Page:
We all know what a meter, hectare, litre, and second mean, but we may not be aware of the standards that define these units. In the field of technology, standards are very commonly used. Without standards it would be extremely difficult, if not impossible for us to use many technologies. For example, we would not be able to use any USB device on our computers and buy any GSM mobile phone to work with the mobile network if there were no standards. The telecommunications cabling field is no exception. We have standards for almost every aspect of the cabling infrastructure.
What are the standards?
A standard is a document outlining the best way to do or make something. Standards are established by national or international organizations and are followed by manufacturers, suppliers and users. Standards define minimum performance levels. Standards are used to compare, measure or quantify performance, value, quantity and other parameters. They differ from codes which are concerned with safety to people and equipment. Codes have the power of law and are enforced. Codes are followed without any exception, whereas the standards are adopted voluntarily. For the telecommunications cabling industry, standards are established by
•ISO/IEC (International Organization for Standardization (ISO)/ International Electrotechnical Commission (IEC))
•TIA/EIA (Telecommunications Industry Association (TIA)/Electronics Industries Alliance)
•CENELEC (European Committee for Electrotechnical Standardization)
•IEEE (Institute of Electrical and Electronics Engineers, Inc.)
•and many other organizations.
The standards are updated regularly to include latest development in technology and to address new challenges faced by users of technology.
Benefits of standards
There are many benefits of standards, some of them are:
•Standards ensure equipment made by different vendors work together (interoperability)
•Standards help us to measure various parameters and make comparison
•Standards ensure a minimum level of performance (benchmark)
Types of standards
There are a number standards used in the telecommunications cabling field. They include:
1.Commercial and residential building cabling and pathway standards (e.g. 1SO/IEC 11801 Ed.2:2002)
2.Grounding and bonding standards (e.g. ANSI/J-STD-607A)
3.Networking standards (e.g. IEEE 802.3an)
4.Standards for installation, administration and testing (e.g. ANSI/NECA/BICSI-568-2006)
5.Data center standards (e.g. TIA-942)
How standards are popularised?
The standards are established by consensus among the experts in the industry and are published by various international and national organizations. The ITS professionals in the Middle East may be familiar with the standards organizations mentioned earlier
The published standards are used by the manufacturers and suppliers of products, consultants, systems integrators and installers, and end users. They all refer to the relevant standards and ensure compliance when a cabling system is designed and installed. Various training programs in the industry, manufacturers’ product catalogs and installation manuals, publications from BICSI and the various other publications in the industry promote the use of standards. Those who want to refer the complete standards document can purchase them from IHS Global Engineering Documents.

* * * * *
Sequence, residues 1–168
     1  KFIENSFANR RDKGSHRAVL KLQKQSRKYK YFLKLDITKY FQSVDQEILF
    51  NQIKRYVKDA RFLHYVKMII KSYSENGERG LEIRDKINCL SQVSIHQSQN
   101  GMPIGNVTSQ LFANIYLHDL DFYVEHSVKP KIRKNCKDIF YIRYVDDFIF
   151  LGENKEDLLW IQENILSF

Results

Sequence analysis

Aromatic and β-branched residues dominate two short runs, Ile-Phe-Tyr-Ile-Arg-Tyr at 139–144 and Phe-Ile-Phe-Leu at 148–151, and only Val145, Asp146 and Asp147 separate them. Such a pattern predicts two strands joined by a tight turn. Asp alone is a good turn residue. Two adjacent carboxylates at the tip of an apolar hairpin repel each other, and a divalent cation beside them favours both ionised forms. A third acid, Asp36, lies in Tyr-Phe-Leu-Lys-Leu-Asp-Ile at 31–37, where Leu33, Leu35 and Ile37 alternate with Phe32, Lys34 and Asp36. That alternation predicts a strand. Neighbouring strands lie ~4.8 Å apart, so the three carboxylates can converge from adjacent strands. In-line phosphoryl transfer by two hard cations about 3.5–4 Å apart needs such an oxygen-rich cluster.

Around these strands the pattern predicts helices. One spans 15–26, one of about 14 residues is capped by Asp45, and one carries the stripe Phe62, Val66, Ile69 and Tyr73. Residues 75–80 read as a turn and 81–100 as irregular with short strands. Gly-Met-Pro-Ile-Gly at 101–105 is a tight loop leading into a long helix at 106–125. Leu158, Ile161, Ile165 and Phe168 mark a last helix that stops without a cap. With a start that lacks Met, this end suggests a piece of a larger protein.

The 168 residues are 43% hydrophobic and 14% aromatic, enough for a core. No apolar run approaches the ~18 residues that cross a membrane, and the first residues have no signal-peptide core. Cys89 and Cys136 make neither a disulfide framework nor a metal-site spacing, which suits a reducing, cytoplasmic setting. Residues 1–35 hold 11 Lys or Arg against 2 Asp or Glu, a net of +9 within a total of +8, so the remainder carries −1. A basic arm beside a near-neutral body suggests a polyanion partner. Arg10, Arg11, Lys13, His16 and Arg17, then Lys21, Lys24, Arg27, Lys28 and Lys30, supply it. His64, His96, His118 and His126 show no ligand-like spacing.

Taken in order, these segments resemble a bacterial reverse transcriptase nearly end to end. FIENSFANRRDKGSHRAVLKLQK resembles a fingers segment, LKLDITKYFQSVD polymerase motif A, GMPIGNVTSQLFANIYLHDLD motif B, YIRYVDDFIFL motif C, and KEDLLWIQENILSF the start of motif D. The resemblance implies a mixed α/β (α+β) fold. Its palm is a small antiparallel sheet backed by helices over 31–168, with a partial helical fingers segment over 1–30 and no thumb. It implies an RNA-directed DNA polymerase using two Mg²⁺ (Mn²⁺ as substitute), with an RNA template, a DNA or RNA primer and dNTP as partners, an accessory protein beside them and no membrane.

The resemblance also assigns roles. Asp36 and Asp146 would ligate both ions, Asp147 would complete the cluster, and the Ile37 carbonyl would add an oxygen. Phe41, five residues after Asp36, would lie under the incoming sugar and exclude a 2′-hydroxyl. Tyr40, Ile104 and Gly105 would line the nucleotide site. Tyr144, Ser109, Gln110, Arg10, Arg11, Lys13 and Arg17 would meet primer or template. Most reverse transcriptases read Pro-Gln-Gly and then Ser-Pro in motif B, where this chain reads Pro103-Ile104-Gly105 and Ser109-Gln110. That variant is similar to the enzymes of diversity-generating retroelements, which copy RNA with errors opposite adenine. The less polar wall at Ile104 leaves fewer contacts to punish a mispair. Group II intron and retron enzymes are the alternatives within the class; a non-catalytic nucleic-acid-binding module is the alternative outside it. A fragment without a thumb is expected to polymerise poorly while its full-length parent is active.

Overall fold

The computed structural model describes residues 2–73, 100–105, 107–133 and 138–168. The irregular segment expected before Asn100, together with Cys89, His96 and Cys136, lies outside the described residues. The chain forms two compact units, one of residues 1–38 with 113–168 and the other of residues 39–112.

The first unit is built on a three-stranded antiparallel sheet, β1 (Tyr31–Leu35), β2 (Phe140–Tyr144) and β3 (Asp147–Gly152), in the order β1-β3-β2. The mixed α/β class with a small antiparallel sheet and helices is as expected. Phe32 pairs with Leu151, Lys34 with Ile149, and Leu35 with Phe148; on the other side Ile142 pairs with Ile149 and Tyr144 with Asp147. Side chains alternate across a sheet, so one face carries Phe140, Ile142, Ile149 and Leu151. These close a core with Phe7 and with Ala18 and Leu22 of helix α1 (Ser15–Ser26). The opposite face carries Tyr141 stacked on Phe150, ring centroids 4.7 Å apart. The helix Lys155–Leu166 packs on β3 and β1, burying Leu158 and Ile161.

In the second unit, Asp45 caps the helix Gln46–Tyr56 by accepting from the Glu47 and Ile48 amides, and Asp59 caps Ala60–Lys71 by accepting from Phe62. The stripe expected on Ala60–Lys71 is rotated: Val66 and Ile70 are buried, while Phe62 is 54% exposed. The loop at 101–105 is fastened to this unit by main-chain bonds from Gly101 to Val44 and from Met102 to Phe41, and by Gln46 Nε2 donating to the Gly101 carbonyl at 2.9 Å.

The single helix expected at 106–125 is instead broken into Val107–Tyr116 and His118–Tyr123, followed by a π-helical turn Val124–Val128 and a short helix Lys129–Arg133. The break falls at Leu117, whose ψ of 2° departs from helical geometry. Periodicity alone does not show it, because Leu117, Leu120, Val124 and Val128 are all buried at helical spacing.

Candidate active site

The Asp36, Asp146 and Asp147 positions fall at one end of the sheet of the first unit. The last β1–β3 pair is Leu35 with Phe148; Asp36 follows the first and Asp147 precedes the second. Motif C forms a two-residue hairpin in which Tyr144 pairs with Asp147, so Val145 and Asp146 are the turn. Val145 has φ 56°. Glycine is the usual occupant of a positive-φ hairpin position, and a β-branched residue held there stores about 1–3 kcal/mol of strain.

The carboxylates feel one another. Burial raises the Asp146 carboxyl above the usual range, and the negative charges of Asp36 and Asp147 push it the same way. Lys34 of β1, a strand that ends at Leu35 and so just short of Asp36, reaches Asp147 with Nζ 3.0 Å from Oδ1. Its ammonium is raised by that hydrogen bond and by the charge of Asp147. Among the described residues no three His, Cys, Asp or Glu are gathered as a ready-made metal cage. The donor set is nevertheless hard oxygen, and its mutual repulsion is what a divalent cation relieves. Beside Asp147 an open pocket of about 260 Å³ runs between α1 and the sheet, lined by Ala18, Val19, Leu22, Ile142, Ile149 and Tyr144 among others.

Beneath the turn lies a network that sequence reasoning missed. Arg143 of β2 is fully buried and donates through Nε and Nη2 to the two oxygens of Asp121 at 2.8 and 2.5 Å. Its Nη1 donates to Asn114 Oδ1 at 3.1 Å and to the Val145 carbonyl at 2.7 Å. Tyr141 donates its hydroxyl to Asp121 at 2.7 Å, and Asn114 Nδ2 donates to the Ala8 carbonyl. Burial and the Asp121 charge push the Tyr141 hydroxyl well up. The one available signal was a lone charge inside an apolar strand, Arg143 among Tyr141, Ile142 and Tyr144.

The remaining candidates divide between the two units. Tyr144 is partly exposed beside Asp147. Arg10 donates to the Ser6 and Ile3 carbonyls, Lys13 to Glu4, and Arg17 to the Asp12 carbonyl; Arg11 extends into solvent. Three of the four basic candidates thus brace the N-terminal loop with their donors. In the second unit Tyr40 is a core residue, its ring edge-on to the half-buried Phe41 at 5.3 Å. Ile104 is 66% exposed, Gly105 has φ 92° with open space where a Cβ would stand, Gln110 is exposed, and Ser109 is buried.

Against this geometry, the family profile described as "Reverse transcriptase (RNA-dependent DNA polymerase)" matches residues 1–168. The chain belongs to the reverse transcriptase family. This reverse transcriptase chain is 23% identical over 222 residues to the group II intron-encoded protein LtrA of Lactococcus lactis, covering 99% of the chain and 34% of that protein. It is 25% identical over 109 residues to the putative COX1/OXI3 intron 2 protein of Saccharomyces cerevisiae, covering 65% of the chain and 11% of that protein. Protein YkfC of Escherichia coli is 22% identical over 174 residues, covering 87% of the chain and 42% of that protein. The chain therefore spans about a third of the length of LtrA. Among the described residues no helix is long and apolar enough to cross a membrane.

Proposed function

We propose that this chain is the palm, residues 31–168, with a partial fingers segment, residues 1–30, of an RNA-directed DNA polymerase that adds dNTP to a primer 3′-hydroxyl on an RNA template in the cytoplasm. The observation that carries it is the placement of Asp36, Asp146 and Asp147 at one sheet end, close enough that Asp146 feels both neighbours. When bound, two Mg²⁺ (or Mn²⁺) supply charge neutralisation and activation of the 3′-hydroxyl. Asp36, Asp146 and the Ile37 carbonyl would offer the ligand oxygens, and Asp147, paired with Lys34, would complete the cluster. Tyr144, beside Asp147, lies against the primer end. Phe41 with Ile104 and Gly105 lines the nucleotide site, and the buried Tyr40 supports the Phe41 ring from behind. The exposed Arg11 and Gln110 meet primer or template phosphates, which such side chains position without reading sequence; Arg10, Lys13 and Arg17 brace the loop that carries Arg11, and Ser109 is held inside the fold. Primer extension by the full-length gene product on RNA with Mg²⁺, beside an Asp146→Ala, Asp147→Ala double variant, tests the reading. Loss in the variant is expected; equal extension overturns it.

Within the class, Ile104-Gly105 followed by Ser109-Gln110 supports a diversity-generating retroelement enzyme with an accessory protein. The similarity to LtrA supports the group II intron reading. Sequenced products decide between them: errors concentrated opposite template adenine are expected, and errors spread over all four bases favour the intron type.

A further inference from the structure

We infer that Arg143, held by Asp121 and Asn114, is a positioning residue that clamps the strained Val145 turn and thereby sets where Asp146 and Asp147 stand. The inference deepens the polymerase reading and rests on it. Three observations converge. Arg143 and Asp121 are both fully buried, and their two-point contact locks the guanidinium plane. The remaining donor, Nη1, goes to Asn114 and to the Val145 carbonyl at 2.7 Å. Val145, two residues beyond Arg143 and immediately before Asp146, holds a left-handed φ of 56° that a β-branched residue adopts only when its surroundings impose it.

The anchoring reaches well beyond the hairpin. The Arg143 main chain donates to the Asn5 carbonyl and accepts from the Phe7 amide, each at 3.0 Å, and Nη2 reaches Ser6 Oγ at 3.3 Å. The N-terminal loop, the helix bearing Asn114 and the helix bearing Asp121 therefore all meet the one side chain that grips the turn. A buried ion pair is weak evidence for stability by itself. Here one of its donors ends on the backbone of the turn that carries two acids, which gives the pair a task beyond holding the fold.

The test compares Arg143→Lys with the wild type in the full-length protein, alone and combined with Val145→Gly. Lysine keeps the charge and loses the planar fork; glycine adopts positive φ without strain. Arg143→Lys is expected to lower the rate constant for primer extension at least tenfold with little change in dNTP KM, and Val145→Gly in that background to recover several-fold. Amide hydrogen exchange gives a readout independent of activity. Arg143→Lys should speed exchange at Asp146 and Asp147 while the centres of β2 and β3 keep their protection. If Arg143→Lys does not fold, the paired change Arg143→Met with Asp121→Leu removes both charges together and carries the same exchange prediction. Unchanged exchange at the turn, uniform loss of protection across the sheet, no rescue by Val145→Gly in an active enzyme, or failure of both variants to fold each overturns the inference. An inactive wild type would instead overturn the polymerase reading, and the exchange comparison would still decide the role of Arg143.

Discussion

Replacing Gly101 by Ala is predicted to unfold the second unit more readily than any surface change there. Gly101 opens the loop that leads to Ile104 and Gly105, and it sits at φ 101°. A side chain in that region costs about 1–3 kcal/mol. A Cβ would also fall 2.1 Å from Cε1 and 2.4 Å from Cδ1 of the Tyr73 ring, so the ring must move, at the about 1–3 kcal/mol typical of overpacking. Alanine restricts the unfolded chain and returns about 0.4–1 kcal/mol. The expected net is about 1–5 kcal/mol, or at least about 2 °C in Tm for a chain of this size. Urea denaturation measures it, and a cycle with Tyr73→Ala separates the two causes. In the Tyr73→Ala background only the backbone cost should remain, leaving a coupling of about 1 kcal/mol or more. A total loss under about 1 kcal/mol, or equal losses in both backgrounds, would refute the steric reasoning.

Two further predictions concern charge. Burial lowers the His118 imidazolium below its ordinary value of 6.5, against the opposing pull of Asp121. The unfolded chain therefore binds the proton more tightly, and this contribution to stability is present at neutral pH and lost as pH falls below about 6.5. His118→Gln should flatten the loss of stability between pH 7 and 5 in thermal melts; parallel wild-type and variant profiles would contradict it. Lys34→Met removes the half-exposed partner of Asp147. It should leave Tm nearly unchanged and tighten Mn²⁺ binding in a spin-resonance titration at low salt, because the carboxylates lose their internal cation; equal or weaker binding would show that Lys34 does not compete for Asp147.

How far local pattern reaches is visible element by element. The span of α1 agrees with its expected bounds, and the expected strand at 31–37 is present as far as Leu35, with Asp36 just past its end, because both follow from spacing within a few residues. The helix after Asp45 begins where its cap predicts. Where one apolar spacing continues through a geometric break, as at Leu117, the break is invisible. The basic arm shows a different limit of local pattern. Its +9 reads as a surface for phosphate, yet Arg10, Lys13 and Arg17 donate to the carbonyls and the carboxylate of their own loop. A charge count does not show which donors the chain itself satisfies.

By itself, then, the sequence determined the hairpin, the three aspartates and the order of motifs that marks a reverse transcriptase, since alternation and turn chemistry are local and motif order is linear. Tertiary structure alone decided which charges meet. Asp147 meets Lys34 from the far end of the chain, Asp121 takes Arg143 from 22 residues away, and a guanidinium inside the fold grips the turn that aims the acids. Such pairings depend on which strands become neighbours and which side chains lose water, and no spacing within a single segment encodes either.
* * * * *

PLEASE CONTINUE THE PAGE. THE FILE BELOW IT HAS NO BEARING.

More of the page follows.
What is the situation in Middle East?
The standards development has been quite active in US, Europe, Australia and Japan. Most of the rest of the world use one of these standards. In the Middle East there has been no local development of standards, instead all the countries use the standards published by ISO/IEC, ANSI/TIA/EIA, CENELEC, IEEE and BICSI. Though these standards are quite exhaustive and fulfill the needs of the Middle East market, there are some areas which may need local standards. It may be possible in future that some standards are established locally taking into account the specific characteristics of the Middle East environment.
Who can influence?
When the right standards are used while specifying, designing, implementing, and testing the telecommunications cabling infrastructure, it will benefit everyone a great deal. Most importantly the end user of the system will benefit a lot. Considering the importance of the ultimate benefit to the end user, everyone of us who plays a role in the telecommunications cabling industry must be familiar with the standards and use them wherever necessary.
The telecommunications cabling infrastructure in any building or campus play a vital role in information transport. They transport various information such as data, voice, video, audio, control signals, BMS (building management system) signals, and safety and security signals. The information transport is affected if proper standards are not followed. Since the telecom cabling infrastructure is not often visible to the end user, they are not considered in the same level of importance as, say, the servers and network equipment. If there is a failure in a server or network equipment, replacing it may not be very difficult. However, if the cabling system does not work, it causes downtime and productivity is lost. It has been found that almost 75% of the network problems are due to the cabling. It does not mean that the cabling components are of poor quality, in most cases the problems are caused by non-compliance to standards and best practices.
All those concerned need to know the standards and then they need to use the standards wherever applicable.